According to the San Juan OEM, the spill was the result of a “burp” from the mine and is unrelated to either the Gold King Mine or the Bonita Peak Superfund site.

The source is 10 miles from the Animas River and the spill was expected to dilute by the time it reached Silverton. The spill was moving slowly and was expected to reach the San Juan River.

So far, “Data do not currently indicate any evidence of water quality impacts that could affect human health and the environment,” stated NMED in a press release, adding that the department will continue to monitor the situation.

Although the EPA has not issued a notice to close municipal drinking water supplies, the cities of Farmington and Aztec, New Mexico and the Lower Valley Water Users Association have shut off water intakes to municipal drinking water supplies “out of an abundance of caution.”

Neither the volume of the spill nor the contents of the water were known as of 4 p.m. Thursday. EPA officials were conducting tests to learn more.

Yolanda Barney, program manager for the Navajo Nation Environmental Protection Agency’s Public Water Supply Program, said Thursday NNEPA is aware of spill and is still gathering information.

Sources in Durango, Colorado, reported Thursday the river appears normal.

Colorado abandoned mines

Basalt applies flood mitigation lessons learned in August flash flood — The Aspen Times

From The Aspen Times (Scott Condon):

Lessons learned from an Aug. 4 flash flood on the south side of Basalt Mountain educated a consortium of governments on what needed to be done to try to avoid a repeat performance.

A contractor for the town of Basalt is working at the intersection of Cedar Drive and Pinon Drive in the Hill District to better handle water spilling out of the Lake Christine burn scar…

He credited the Natural Resources Conservation Service, a federal agency, for looking at the road intersection and adapting a flood mitigation plan. The NRCS had to sign off on all work performed after the federal government awarded a $1.23 million Emergency Watershed Protection Program grant earlier in the year to Basalt, Eagle County and Colorado Parks and Wildlife.

Basalt via Panoramio

Managing #stormwater and stream #restoration projects together — Phys.org

The City of Boulder’s Open Space and Mountain Parks Department (OSMP) has begun a major restoration project that will improve native fish habitat in Boulder Creek and restore natural areas surrounding the creek. This ecological project also will repair damage from the 2013 floods by returning Boulder Creek to its pre-flood channel, and will include the planting of more than 11,000 native trees and shrubs. These plantings will help improve the creek’s sustainability and resiliency, and help mitigate damage to private and public property during future floods. These efforts are occurring in two areas east of Boulder. Photo credit the City of Boulder.

Click here to read the report (paywall). Here’s the abstract:

Urbanization alters the delivery of water and sediment to receiving streams, often leading to channel erosion and enlargement, which increases loading of sediment and nutrients, degrades habitat, and harms sensitive biota. Stormwater control measures (SCMs) are constructed in an attempt to mitigate some of these effects. In addition, stream restoration practices such as bank stabilization are increasingly promoted as a means of improving water quality by reducing downstream sediment and pollutant loading. Each unique combination of SCMs and stream restoration practices results in a novel hydrologic regime and set of geomorphic characteristics that interact to determine stream condition, but in practice, implementation is rarely coordinated due to funding and other constraints. In this study, we examine links between watershed-scale implementation of SCMs and stream restoration in Big Dry Creek, a suburban watershed in the Front Range of northern Colorado. We combine continuous hydrologic model simulations of watershed-scale response to SCM design scenarios with channel evolution modeling to examine interactions between stormwater management and stream restoration strategies for reducing loading of sediment and adsorbed phosphorus from channel erosion. Modeling results indicate that integrated design of SCMs and stream restoration interventions can result in synergistic reductions in pollutant loading. Not only do piecemeal and disunited approaches to stormwater management and stream restoration miss these synergistic benefits, they make restoration projects more prone to failure, wasting valuable resources for pollutant reduction. We conclude with a set of recommendations for integrated planning of SCMs and stream restoration to simultaneously achieve water quality and channel protection goals.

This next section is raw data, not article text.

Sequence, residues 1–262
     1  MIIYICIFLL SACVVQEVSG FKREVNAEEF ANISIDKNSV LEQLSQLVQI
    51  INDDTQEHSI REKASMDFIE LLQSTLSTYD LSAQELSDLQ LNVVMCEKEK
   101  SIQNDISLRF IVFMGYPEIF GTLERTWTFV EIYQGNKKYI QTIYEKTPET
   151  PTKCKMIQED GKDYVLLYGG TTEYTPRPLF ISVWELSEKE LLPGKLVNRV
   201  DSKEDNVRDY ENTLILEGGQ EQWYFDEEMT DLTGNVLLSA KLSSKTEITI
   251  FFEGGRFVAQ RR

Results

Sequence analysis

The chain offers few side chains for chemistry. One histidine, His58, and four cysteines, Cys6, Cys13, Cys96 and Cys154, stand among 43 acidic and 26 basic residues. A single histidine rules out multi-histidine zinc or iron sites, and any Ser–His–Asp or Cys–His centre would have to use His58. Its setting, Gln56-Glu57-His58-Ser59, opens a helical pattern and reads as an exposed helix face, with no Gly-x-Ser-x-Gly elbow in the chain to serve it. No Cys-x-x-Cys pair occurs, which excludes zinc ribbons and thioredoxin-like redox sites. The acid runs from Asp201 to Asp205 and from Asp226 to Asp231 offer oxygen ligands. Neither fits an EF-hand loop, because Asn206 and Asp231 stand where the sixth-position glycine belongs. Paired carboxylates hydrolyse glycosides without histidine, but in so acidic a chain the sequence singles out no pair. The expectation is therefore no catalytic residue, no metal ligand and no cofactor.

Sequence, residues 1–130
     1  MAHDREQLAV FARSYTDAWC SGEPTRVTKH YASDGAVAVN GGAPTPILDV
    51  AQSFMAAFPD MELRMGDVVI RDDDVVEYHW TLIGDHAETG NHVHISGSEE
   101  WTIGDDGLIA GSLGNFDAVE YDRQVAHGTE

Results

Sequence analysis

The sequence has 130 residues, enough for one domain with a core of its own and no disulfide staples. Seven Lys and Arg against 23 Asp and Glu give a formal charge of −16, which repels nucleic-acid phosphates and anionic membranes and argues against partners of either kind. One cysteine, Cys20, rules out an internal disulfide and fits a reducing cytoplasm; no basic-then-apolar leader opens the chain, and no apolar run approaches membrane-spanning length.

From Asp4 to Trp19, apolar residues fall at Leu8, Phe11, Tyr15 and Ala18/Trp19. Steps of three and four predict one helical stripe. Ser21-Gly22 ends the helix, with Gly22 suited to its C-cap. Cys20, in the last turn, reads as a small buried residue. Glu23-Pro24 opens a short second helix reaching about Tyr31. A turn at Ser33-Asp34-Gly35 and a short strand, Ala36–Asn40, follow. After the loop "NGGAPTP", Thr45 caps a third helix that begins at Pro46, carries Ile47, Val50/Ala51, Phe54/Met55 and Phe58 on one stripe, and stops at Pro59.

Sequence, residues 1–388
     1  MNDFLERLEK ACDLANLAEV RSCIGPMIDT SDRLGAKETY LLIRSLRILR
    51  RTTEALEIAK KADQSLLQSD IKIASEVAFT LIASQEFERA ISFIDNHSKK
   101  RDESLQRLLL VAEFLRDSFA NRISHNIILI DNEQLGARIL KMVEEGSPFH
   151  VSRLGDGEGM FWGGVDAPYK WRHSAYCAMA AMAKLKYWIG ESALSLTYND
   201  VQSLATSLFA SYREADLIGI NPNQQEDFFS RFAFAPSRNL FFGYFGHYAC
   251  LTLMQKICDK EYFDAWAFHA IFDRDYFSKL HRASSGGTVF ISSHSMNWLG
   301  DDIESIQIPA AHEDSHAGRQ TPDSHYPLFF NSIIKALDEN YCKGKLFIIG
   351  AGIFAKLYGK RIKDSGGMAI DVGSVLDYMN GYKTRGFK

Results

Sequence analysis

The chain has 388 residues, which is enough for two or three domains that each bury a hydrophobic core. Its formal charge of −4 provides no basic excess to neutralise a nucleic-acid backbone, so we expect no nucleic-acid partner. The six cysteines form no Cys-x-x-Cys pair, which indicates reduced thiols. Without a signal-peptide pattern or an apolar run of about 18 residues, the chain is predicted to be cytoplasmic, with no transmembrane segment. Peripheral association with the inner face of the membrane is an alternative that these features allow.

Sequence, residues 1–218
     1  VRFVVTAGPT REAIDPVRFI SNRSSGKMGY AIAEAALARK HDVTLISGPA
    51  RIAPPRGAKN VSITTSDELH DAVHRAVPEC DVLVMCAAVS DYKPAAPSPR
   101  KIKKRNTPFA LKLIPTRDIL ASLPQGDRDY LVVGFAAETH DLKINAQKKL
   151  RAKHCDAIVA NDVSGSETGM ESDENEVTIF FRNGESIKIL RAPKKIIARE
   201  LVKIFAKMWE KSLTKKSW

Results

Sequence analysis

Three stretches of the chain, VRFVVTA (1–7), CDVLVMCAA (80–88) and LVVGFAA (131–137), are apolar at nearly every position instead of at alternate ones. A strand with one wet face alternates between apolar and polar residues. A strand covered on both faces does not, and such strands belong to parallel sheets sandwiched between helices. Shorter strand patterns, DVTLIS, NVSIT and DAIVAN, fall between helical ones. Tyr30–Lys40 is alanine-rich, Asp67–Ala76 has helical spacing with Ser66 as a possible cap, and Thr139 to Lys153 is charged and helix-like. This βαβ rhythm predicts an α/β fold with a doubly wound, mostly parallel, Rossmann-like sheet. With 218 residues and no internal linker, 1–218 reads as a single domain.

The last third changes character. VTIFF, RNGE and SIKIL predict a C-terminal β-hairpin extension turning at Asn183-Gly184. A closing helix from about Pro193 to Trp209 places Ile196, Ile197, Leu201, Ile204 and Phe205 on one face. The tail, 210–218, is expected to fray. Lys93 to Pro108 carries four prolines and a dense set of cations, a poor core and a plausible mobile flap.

From Phys.org (Susan V. Fisk):

Both stormwater control and stream restoration are proven ways to reduce erosion along water channels. Often, though, each method is managed by a different urban land-management department, measuring different success values. Efforts are rarely coordinated due to funding and other constraints.

Rod Lammers and his colleagues at the University of Georgia looked at some computerized models to see if coordinating these land management practices with common goals might have a greater positive impact on erosion. The good news? It does.